Diving into murky swim from island
Pentland district residents have got up a substantial subscription to show their appreciation of the good work done by the trackers who successfully traced the lost lad Parker. Part of the country traversed, about the Upper Cape, is rough enough for anything but the lad would appear to have followed the river for about 20 miles and it is simply astonishing he did not stick to either the river or any of the roads he must have crossed. Great credit is due to the search party for the alacrity and spontaneity with which they turned out. Master Parker, although he had been without food for eight days, did not appear hungry when first offered food, but, being given a few mouthfuls at a time, brought the desire with increasing intensity and is now as right as a trivet. The Mayor, Alderman W B Swales, is in receipt of a letter from Mr E Wrench, honorary secretary to the Overseas Club, giving particulars of the club’s tobacco fund and inviting subscriptions. The clerk has already received £ 30,000 from residents overseas, and has despatched 600,000 parcels of tobacco and cigarettes to men at the front. Mrs Avenell, Archer St, South Townsville, has received word that her daughter, Sister Avenell, is returning to Australia on transport duty. Owing to very heavy booking, the Townsville Choral and Orchestral Society has decided to put on the performance of the opera Tom Jones ( concert version), a second night. Box plans for the performance on Monday and Tuesday, August 9 and 10, open to the general public tomorrow. [ 10.5m]. Turbidity reduced visibility to four inches [ 10cm] in places.
The men, both diving instructors with the North Queensland Sub- Aqua School, left the island at 7.40am on Saturday, June 3, 1972, and reached the public boat- ramp at the creek at 2.28pm.
The feat of making the 8km journey without surfacing had been achieved only once before, by Townsville Dolphin Club members Barry Goldsworthy, Bruce Smith and Allan Evans in 1970.
Lee said they had been plagued by faulty oxygen regulators for half the journey.
`` We got two tanks with faulty regulators and we had to stick around for a while others were brought down.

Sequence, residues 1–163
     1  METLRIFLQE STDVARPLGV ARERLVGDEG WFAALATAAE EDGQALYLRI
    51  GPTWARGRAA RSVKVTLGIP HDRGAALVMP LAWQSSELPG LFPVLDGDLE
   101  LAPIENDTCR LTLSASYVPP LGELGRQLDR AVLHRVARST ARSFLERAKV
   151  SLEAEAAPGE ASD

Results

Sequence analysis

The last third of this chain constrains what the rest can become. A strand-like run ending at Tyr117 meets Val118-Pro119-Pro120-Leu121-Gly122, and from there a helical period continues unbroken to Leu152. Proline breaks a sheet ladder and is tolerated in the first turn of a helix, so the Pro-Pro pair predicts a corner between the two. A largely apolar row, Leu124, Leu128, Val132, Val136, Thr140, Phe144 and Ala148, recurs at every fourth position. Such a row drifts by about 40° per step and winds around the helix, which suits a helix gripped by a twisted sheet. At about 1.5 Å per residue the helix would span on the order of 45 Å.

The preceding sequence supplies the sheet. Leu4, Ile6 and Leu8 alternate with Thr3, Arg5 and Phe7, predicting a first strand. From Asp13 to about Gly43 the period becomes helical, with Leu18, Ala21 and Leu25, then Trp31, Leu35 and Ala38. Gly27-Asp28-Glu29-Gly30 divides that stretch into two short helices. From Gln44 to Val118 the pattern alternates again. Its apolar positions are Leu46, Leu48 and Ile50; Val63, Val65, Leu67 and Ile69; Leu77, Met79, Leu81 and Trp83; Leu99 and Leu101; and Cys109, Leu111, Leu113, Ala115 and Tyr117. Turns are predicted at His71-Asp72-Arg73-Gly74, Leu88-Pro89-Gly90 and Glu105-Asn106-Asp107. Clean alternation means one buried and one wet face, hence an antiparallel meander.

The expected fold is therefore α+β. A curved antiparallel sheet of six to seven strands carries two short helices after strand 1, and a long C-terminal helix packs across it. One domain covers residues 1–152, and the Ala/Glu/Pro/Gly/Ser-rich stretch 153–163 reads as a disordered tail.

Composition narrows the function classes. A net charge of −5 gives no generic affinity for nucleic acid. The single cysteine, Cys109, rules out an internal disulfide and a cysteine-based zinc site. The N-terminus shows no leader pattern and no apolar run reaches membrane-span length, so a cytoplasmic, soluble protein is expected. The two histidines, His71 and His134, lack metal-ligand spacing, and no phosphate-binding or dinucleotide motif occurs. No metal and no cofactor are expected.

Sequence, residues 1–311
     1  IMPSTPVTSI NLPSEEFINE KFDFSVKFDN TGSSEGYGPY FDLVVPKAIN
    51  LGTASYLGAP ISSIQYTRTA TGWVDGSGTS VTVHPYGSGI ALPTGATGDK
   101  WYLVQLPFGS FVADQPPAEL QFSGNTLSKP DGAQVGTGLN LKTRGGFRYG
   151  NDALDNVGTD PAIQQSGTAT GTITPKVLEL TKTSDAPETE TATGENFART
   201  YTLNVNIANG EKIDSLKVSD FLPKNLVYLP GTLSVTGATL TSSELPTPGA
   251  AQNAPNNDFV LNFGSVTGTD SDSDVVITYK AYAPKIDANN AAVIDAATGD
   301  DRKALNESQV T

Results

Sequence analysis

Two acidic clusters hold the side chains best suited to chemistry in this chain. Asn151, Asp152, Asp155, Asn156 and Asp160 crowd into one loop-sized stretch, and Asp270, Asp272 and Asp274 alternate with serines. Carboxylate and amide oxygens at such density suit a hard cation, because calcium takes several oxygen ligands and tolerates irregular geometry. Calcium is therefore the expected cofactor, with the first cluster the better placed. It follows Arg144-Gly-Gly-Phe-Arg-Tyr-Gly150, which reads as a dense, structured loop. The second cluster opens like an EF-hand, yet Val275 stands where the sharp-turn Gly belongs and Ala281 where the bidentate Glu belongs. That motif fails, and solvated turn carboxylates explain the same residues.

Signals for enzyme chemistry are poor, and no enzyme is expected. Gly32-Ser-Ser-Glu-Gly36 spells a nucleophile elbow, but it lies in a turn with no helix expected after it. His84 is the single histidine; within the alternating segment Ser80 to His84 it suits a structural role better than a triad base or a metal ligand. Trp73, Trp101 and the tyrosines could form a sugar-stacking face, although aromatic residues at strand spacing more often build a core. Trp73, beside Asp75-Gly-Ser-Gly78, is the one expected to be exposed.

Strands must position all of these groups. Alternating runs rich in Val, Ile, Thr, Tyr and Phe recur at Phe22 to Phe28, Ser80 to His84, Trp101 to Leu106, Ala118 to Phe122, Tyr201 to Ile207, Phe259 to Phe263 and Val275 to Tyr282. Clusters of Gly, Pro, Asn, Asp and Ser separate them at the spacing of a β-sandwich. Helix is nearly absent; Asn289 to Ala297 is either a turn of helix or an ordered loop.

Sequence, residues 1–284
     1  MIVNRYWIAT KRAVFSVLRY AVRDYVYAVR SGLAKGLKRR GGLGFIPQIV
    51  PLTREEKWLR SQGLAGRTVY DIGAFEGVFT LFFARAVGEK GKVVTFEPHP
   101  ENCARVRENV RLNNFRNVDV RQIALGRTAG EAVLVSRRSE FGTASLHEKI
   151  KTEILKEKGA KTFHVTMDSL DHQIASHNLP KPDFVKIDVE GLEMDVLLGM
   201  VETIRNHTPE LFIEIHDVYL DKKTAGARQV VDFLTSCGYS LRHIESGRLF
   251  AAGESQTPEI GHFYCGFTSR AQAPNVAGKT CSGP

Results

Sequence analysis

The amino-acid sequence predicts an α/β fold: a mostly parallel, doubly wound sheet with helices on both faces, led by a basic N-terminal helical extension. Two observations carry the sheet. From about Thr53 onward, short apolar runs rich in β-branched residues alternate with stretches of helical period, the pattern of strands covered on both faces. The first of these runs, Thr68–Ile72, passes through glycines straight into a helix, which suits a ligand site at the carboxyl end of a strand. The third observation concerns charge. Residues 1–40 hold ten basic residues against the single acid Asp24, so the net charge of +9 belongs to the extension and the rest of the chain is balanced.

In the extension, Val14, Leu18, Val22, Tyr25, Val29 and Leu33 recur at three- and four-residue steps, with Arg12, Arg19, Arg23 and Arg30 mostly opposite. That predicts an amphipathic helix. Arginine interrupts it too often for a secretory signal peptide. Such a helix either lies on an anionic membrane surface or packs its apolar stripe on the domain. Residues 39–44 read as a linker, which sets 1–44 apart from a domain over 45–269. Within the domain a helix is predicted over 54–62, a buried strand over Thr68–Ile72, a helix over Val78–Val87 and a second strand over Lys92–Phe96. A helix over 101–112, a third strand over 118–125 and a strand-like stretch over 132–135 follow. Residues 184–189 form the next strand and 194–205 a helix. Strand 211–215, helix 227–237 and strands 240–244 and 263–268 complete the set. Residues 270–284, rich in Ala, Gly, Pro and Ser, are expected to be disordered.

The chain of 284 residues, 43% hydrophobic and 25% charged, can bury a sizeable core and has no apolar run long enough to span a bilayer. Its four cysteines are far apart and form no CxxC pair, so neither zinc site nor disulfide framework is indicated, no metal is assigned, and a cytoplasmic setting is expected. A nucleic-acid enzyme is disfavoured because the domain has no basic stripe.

`` Waiting on the bottom for aqualung changeovers was the hardest part of the swim because of the severe cold.
`` Water was leaking into the wetsuits and we just about froze.’’
They had waited up to 20 minutes for support crew to bring fresh air supplies from the barge that followed them across Cleveland Bay. A third diver, Alex Whitton, was kept busy, as Ball and Lee used 11 aqualungs each.
Fellow instructor Mike Young took charge of refilling the 72 cubic feet capacity oxygen tanks, using a compressor on the barge, which was sup- plied and skippered by Doug Tarca, of Townsville Coral Sea Gardens.
The divers communicated with the surface by tugging on the buoys which they each towed.
Their navigation was complicated by a strong current that nudged them from their southerly course, west towards the landmark of the TraveLodge tower [ now known as the Aquarius] on The Strand.
Later they paid tribute to their support crew for ensuring the success of their daring endeavour: Alex Witton, Doug Tarca, Mike and Pat Young and stretcher- bearer Adrian Roberts.
Roberts, a registered nurse, had kept records and offered advice on a variety of medical issues, they said.
Contacted in Cairns this week, Ball said he had completed the swim again a couple of years later, with fellow Dolphin Club member Wayne Williams. He felt their time of 5hr 21min had not been bettered.
IN THE SWIM: Competitors Allen Lee and Mike Ball at the 1972 Magnetic Island to Townsviille swim.